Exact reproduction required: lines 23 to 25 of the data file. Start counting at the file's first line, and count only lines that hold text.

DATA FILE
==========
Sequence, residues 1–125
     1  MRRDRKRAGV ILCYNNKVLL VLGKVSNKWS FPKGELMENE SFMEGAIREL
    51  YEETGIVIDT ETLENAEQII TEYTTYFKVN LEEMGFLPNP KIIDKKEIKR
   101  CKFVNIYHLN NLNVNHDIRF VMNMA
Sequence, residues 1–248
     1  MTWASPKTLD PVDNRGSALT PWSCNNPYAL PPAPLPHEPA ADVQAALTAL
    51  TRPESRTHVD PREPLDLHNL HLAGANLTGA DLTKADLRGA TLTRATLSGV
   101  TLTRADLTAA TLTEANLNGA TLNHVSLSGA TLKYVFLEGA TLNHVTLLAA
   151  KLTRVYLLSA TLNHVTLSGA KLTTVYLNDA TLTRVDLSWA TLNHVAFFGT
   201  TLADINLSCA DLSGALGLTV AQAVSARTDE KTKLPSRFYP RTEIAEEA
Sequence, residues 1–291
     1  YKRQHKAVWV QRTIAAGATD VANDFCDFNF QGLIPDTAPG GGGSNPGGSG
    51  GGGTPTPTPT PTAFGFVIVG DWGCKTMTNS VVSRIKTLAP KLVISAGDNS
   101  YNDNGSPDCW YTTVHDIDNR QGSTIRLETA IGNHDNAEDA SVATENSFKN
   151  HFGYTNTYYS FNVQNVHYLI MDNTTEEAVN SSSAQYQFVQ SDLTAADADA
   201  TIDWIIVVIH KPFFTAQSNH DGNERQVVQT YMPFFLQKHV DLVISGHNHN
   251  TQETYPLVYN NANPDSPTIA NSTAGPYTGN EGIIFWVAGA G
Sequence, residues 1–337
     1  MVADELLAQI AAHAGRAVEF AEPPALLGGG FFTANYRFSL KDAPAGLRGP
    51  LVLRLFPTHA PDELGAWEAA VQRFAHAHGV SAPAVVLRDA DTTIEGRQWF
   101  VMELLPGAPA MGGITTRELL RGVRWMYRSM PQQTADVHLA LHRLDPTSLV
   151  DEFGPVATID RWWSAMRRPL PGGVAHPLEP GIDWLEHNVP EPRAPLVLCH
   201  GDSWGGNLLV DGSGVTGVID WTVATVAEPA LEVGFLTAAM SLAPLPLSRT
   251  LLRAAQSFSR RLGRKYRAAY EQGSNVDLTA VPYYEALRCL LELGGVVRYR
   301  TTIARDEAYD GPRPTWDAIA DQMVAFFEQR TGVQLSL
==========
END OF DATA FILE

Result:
   201  GDSWGGNLLV DGSGVTGVID WTVATVAEPA LEVGFLTAAM SLAPLPLSRT
   251  LLRAAQSFSR RLGRKYRAAY EQGSNVDLTA VPYYEALRCL LELGGVVRYR
   301  TTIARDEAYD GPRPTWDAIA DQMVAFFEQR TGVQLSL